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  • Dr. Pragati Singhal
  • 9 April 2024

Breast cancer is a complex disease influenced by both genetic and environmental factors. While only about 5% to 10% of breast cancers are considered hereditary, understanding your family history and genetic predispositions can play a crucial role in early detection and prevention. In this blog, we'll delve into the significance of family history, the role of inherited genes like BRCA1 and BRCA2, and the importance of genetic testing in assessing breast cancer risk.


A Window into Genetic Risk

Having a family history of breast cancer can significantly elevate one's risk of developing the disease. Research indicates that individuals with a first-degree relative diagnosed with breast cancer have approximately twice the risk compared to those without such a history. The risk escalates further if multiple close relatives have been affected or if the cancer occurred at a young age.

Identifying individuals with heightened risk due to family history is critical for early intervention. UK guidelines provide a framework for healthcare professionals to assess familial risk factors and recommend appropriate screening for genetic testing. Factors such as early-onset breast cancer, bilateral breast cancer, ovarian cancer in the family, or specific ethnic backgrounds may prompt referral to specialized clinics for further evaluation.


Unraveling the BRCA Genes

Among the genes associated with hereditary breast cancer, BRCA1 and BRCA2 stand out prominently. These genes play a crucial role in repairing cell damage and maintaining normal cell growth. However, mutations in BRCA1 or BRCA2 can disrupt these functions, leading to an increased risk of breast, ovarian, and other cancers.

Individuals carrying BRCA1 or BRCA2 mutations face a substantially higher lifetime risk of breast cancer compared to the general population. Moreover, these mutations may also predispose individuals to ovarian, colon, pancreatic, and prostate cancers. Understanding one's genetic makeup, especially in families with a history of early-onset breast cancer or multiple cancer types, can provide valuable insights into personalized risk assessment and management strategies.

The Role of Genetic Testing

Genetic testing has revolutionized the way we approach breast cancer risk assessment. By analyzing DNA for specific mutations, healthcare providers can identify individuals with an inherited predisposition to the disease. This knowledge empowers individuals to make informed decisions regarding proactive screening, risk-reducing surgeries, or preventive measures such as lifestyle modifications or chemoprevention.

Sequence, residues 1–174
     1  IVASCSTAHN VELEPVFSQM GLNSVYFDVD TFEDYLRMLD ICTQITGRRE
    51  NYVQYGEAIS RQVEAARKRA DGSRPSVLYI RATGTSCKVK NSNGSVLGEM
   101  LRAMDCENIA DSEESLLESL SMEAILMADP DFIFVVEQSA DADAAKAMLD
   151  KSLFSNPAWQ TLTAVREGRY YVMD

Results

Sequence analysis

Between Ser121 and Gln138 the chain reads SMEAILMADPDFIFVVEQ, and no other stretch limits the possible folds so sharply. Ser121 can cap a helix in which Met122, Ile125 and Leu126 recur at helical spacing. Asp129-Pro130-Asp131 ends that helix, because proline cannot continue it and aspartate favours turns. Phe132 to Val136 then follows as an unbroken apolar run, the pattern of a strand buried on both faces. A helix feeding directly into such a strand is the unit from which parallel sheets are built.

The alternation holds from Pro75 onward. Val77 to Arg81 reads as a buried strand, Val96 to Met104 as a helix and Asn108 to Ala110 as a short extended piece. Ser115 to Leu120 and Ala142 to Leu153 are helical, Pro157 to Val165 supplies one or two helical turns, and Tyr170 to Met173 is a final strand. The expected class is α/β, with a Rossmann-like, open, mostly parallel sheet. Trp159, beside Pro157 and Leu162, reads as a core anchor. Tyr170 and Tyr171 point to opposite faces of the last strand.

However, it's essential to recognize that genetic testing isn't a one-size-fits-all solution. Decisions about testing should be based on a comprehensive evaluation of family history, personal risk factors, and individual preferences. Genetic counselling plays a crucial role in this process, providing emotional support, education, and guidance throughout the testing journey.


Exploring Rare Genetic Mutations

While BRCA1 and BRCA2 mutations account for a significant proportion of hereditary breast cancers, other genes also play a role, albeit less frequently. Mutations in genes like TP53, PALB2, ATM, and CHEK2 have been associated with increased breast cancer risk, albeit to a lesser extent. Although these mutations are rare, they underscore the complexity of genetic influences on breast cancer susceptibility.

In conclusion, understanding the interplay between family history, genetic predispositions, and environmental factors is crucial for effective breast cancer prevention and early detection. By leveraging advances in genetic testing and personalized medicine, we can empower individuals to take proactive steps towards reducing their risk and improving outcomes in the fight against breast cancer.

"With Compassion & Expertise, Dr. Pragati Singhal Guiding You Towards Recovery"


Breast Cancer Basics Women's Health Prevention and Wellness Hereditary Risk Genetic Testing